Health-care unions reach tentative proposal with IWK, health authority

In a surprise move, a council of Nova Scotia health-care unions is recommending its members agree to a new process to try to resolve the protracted contract dispute with the province's health authority and the IWK Health Centre.

If approved, agreement would lay out the process for settling contracts

The council of health-care unions announced it's reached a tentative process to get collective agreements with the IWK Health Centre and Nova Scotia Health Authority. (Molly Segal/CBC)

In a surprise move, the council of Nova Scotia health-care unions is recommending its members agree to a new process to try to resolve the protracted contract dispute with the province's health authority and the IWK Health Centre.

The news came not long before the council of unions announced Tuesday afternoon that members voted 93 per cent in favour of a provincewide strike mandate during a vote held over the last two weeks.

According to a news release from Labour Relations Minister Mark Furey, as part of the agreement, the parties will suspend the right to strike or lock out during this round of bargaining. If union members ratify the proposal, it would mean any matters that cannot be resolved at the bargaining table would move to a binding and final mediation-arbitration process created through the agreement.

A news release on Tuesday from the council of unions, which is made up of the Nova Scotia Government & General Employees Union, the Nova Scotia Nurses' Union, CUPE and Unifor, said bargaining committee members met on Monday and voted to recommend ratification of the proposal to their members.

Members to vote in coming weeks

If approved, the unions say the mediation-arbitration process that would be created — a first for them — would result in collective agreements for the health-care, nursing, support services and administrative professionals bargaining committees.

After information sessions are conducted, union members are expected to vote on the proposal in the coming weeks. 

In the meantime, the council is observing a media blackout and not doing interviews while it focuses on communicating with members. A spokesperson for the IWK said officials there would also reserve comment until after the vote.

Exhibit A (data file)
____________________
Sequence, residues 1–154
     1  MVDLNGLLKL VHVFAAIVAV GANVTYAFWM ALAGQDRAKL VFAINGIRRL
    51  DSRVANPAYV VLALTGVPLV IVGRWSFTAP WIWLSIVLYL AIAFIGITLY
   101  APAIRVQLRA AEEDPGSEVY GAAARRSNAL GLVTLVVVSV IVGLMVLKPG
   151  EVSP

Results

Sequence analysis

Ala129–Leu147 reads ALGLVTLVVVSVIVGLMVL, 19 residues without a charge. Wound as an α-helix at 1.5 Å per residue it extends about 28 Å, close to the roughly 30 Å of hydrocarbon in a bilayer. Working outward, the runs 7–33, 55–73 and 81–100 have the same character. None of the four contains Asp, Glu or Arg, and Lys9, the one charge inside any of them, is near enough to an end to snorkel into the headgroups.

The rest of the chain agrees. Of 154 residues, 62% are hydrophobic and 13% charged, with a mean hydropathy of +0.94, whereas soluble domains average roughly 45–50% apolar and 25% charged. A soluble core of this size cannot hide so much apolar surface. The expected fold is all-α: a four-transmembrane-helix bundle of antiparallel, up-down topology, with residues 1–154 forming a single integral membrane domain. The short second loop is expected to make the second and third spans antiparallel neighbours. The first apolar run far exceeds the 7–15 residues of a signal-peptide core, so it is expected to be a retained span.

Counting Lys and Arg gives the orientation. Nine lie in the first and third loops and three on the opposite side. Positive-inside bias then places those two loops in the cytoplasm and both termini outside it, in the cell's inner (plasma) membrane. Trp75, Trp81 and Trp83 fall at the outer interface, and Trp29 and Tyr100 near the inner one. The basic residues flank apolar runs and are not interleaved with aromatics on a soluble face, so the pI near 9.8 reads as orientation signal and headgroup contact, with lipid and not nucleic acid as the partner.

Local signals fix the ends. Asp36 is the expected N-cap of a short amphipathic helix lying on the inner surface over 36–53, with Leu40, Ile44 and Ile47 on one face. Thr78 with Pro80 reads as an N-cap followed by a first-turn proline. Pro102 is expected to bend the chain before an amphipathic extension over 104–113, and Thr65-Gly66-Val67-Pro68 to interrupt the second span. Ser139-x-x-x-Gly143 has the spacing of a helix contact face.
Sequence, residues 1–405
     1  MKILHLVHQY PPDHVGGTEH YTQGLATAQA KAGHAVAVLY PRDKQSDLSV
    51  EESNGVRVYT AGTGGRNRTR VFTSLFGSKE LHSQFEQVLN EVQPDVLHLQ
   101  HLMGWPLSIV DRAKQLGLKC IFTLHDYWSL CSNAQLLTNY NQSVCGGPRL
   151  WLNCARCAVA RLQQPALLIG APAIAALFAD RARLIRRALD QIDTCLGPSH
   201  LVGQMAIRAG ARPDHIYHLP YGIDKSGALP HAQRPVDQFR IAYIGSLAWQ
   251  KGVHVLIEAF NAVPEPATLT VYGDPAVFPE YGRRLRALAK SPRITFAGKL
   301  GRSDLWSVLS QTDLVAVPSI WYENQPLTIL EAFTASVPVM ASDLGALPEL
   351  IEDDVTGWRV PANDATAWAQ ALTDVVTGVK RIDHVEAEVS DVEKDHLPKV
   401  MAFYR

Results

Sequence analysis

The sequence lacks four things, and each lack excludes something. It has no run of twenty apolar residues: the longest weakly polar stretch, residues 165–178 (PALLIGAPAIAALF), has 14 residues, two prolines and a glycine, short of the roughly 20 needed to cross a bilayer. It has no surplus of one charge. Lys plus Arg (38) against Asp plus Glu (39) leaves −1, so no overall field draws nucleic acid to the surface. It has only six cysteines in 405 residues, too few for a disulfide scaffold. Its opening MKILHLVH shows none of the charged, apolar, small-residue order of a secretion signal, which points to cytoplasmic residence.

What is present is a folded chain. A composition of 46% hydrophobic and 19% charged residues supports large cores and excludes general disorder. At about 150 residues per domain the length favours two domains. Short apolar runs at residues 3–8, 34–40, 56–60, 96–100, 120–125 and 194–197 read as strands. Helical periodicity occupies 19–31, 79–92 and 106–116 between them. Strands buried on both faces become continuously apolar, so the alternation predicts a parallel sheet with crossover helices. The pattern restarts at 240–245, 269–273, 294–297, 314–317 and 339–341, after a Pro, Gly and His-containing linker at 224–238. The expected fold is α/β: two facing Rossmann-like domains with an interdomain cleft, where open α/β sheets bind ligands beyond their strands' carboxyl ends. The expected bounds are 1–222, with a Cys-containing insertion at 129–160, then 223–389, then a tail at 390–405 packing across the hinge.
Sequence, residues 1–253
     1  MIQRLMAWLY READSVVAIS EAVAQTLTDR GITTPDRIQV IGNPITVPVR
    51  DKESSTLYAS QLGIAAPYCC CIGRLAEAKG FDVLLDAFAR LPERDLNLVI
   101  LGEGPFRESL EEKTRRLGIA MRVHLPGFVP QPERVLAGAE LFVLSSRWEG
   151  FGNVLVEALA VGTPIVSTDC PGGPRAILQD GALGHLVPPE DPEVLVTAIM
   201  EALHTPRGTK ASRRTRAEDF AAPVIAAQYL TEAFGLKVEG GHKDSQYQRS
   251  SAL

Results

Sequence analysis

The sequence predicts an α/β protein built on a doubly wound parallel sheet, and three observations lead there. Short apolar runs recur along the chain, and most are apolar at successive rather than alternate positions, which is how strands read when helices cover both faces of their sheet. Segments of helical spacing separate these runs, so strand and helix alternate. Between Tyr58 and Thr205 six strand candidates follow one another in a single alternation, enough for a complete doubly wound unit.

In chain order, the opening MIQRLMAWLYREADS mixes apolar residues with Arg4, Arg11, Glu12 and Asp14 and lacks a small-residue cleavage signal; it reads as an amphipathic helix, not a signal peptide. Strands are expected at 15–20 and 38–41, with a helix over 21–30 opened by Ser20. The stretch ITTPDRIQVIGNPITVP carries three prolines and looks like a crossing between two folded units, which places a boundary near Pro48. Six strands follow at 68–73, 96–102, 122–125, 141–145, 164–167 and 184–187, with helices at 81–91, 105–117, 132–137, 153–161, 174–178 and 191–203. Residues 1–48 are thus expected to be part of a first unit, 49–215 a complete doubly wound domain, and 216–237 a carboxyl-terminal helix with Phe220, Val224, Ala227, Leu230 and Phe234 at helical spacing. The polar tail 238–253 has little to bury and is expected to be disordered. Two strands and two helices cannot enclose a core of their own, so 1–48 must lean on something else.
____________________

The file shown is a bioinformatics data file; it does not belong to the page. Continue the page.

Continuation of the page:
'A step closer'

Joanne Stone, the health authority's senior director of human resources, said the goal is to have contracts settled by the end of the year. The parties have agreed on William Kaplan as the arbitrator to make decisions on any matters that cannot be settled through bargaining, she said.

"We're taking a step forward and getting closer to getting a collective agreement for 23,000 employees and possibly having a process that ensures that there won't be a disruption in service for Nova Scotians, so it could be a very good result for all," she said in an interview.

While Stone would not comment on what's in the agreement, she did say the health authority is following the government's wage pattern, which has been established for all other collective agreements signed while Premier Stephen McNeil's Liberal government has been in power.

This news comes as the threat of a strike by health-care workers at the IWK, other than doctors and nurses, was starting to grow. If members ratify the proposal, it would be a big step in efforts to avoid job action by lab techs, social workers, respiratory therapists and other health workers at the region's largest children's hospital.

Essential services still to be resolved

Health-care unions and their employers are required to have essential-services agreements in place before being able to take job action.

While such an agreement has yet to be reached between workers and the Nova Scotia Health Authority, there is one in place at the IWK.

While an essential-services agreement needs to be finalized with the health authority regardless of the outcome of bargaining, the absence of one would not prevent collective agreements from being reached for workers in the meantime.

About the Author

Michael Gorman

Reporter

Michael Gorman is a reporter in Nova Scotia who covers Province House, rural communities, and everything in between. Contact him with story ideas at michael.gorman@cbc.ca